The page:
This study addresses a subject that has been much debated among historians and it confronts head-on the highly disputed claim that the Truman administration practised 'atomic diplomacy'. The book goes beyond its central historical analysis to ask whether it was morally right for the United States to use these terrible weapons against Hiroshima and Nagasaki.
. Truman's decision-making regarding this most controversial of all his decisions. The book relies on notable archival research and the best and most recent scholarship on the subject to fashion an incisive overview that is fair and forceful in its judgments. It also provides a balanced evaluation of the relationship between atomic weapons and the origins of the Cold War.
This book explores the american use of atomic bombs and the role these weapons played in the defeat of the Japanese Empire in World War II. It focuses on President Harry S.
The Decision to Use the Atomic Bomb
Controversial in nature, this book demonstrates that the United States did not need to use the atomic bomb against Japan. Alperovitz criticizes one of the most hotly debated precursory events to the Cold War, an event that was largely responsible for the evolution of post-World War II American politics and culture.
The National Security Enterprise: Navigating the Labyrinth, Second Edition
Unlike some textbooks on american foreign policy, it offers analysis from insiders who have worked at the National Security Council, the State and Defense Departments, the intelligence community, and the other critical government entities. The book explains how organizational missions and cultures create the labyrinth in which a coherent national security policy must be fashioned.
This up-to-date book will appeal to students of US national security and foreign policy as well as career policymakers. Understanding and appreciating these organizations and their cultures is essential for formulating and implementing it. This second edition of the national security enterprise provides practitioners’ insights into the operation, missions, and organizational cultures of the principal national security agencies and other institutions that shape the US national security decision-making process.
Taking into account the changes introduced by the Obama administration, the second edition includes four new or entirely revised chapters Congress, Department of Homeland Security, Treasury, and USAID and updates to the text throughout. It covers changes instituted since the first edition was published in 2011, implications of the government campaign to prosecute leaks, and lessons learned from more than a decade of war in Afghanistan and Iraq.
The Big Stick: The Limits of Soft Power and the Necessity of Military Force
The rise of a well-armed china, nuclear threats from north Korea and Iran, Russia's conquest of Crimea and eastern Ukraine, and the spread of radical Islamist movements like ISIS are some of the key threats to global peace. Cohen-a scholar and practitioner of international relations-disagrees. The us is still, as Madeleine Albright once dubbed it, "the indispensable nation.
". Speak softly and carry a big stick" Theodore Roosevelt famously said in 1901, when the United States was emerging as a great power. Cohen explains that American leaders must learn to use hard power in new ways and for new circumstances. While acknowledging that the us must be careful about why, and how it uses force, he insists that its international role is as critical as ever, when, and armed force is vital to that role.
It was the right sentiment, perhaps, thinking it outdated, in an age of imperial rivalry but today many Americans doubt the utility of their global military presence, unnecessary or even dangerous. In the big stick, Eliot A. He argues that hard power remains essential for American foreign policy. If the united states relinquishes its position as a strong but prudent military power, and fails to accept its role as the guardian of a stable world order we run the risk of unleashing disorder, violence and tyranny on a scale not seen since the 1930s.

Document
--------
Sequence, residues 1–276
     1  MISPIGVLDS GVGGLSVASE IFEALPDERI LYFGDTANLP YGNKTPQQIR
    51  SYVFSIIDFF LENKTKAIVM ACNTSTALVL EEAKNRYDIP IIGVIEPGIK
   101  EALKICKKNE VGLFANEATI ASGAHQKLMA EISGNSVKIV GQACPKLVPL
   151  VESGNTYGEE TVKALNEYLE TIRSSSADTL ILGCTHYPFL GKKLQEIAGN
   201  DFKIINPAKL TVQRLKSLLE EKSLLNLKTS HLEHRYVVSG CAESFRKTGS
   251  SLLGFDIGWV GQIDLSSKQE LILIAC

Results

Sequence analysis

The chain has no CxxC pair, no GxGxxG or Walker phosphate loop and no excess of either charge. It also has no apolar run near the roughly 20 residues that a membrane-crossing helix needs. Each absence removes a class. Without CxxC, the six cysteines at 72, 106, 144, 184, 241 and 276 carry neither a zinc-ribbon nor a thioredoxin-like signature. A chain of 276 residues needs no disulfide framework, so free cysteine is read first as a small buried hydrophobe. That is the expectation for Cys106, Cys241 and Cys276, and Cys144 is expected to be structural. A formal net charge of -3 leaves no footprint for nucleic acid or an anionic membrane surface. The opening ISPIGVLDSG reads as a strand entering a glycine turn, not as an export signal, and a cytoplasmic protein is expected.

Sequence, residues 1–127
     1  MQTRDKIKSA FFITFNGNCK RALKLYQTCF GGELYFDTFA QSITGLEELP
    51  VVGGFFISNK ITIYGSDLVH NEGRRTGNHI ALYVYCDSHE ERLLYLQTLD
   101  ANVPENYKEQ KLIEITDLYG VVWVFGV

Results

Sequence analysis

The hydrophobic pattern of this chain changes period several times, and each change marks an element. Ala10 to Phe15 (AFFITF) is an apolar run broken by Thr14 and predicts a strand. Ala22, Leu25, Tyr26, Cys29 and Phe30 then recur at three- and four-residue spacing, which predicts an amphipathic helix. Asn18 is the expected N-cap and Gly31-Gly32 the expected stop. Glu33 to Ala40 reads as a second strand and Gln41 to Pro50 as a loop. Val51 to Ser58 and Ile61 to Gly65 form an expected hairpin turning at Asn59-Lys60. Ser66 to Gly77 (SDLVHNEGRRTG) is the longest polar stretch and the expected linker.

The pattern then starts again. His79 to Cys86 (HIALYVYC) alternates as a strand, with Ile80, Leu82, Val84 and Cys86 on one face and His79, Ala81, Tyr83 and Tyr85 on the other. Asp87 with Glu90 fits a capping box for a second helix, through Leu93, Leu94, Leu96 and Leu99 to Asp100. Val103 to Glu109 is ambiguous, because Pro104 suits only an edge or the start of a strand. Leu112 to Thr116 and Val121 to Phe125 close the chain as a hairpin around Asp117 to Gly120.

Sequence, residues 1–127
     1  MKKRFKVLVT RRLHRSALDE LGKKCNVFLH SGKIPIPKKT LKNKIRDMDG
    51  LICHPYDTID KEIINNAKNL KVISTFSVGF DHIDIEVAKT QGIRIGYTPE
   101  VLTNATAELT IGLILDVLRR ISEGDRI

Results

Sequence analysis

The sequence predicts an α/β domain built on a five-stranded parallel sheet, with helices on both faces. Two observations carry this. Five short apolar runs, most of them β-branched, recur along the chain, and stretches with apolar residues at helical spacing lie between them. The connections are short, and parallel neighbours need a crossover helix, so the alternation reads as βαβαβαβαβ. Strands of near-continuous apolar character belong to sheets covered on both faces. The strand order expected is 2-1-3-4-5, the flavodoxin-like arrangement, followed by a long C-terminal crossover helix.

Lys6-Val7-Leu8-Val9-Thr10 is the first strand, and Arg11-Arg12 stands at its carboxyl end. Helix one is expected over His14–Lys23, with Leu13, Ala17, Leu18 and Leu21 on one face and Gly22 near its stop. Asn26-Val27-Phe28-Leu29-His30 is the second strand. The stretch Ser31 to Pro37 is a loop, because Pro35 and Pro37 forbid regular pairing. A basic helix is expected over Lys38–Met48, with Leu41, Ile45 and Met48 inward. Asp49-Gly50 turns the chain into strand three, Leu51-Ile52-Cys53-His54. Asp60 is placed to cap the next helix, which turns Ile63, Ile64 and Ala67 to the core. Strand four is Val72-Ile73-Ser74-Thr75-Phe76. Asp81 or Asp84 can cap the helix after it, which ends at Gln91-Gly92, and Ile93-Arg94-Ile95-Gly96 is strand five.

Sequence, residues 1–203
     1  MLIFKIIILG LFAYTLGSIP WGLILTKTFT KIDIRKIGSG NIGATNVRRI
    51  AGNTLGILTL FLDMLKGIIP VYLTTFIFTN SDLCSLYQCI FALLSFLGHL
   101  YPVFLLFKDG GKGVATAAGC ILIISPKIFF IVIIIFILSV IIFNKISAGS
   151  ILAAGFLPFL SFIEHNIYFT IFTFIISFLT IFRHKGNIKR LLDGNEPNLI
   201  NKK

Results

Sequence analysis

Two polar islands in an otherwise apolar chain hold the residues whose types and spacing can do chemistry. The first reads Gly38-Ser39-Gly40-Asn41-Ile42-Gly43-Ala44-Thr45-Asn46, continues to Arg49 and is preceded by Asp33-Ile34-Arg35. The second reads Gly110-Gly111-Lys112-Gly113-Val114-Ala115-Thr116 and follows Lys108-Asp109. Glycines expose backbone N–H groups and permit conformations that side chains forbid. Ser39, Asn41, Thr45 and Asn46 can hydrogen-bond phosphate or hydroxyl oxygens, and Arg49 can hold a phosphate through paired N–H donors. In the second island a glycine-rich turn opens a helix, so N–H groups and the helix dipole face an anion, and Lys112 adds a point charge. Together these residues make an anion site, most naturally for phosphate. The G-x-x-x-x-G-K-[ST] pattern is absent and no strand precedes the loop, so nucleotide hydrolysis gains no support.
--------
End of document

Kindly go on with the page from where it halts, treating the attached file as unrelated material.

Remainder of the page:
Prompt and Utter Destruction, Third Edition: Truman and the Use of Atomic Bombs against Japan
From the debate about whether to invade or continue the conventional bombing of Japan to Tokyo's agonizing deliberations over surrender and the effects of both low- and high-level radiation exposure, Walker continues to shed light on one of the most earthshaking moments in history. Rising above an often polemical debate, the third edition presents an accessible synthesis of previous work and new research to help make sense of the events that ushered in the atomic age.
In this concise account of why America used atomic bombs against Japan in 1945, J. In this new edition, walker incorporates a decade of new research--mostly from Japanese archives only recently made available--that provides fresh insight on the strategic considerations that led to dropping the bomb. Delineating what was known and not known by American leaders at the time, Walker evaluates the options available for ending the war with Japan.
. Samuel walker analyzes the reasons behind President Truman's most controversial decision.
Manhood and American Political Culture in the Cold War
Cuordileone shows how the preoccupation with the soft, malleable American character reflected not only anti-Communism but acute anxieties about manhood and sexuality. Manhood and american political culture in the Cold War explores the meaning of anxiety as expressed through the political and cultural language of the early cold war era.
. Reading major figures like Arthur Schlesinger Jr. Joseph mccarthy, adlai stevenson, and many lesser known public figures, Norman Mailer, JFK, Cuordileone reveals how the era’s cult of toughness shaped the political dynamics of the time and inspired a reinvention of the liberal as a cold warrior.
War without Mercy: Race and Power in the Pacific War
A powerful, moving, and evenhanded history that is sorely needed in both America and Japan. Drawing on american and japanese songs, secret reports, propaganda films, slogans, and a wealth of other documents of the time, cartoons, Dower opens up a whole new way of looking at that bitter struggle of four and a half decades ago and its ramifications in our lives today.
With eloquence, crushing detail, and power. ”. Winner of the national book critics circle award an american book award finalist now in paperback, war without mercy has been hailed by The New York Times as “one of the most original and important books to be written about the war between Japan and the United States.
In this monumental history, professor john dower reveals a hidden, explosive dimension of the Pacific War—race—while writing what John Toland has called “a landmark book. Reischauer, former ambassador to Japan, has pointed out, this book offers “a lesson that the postwar generations need most .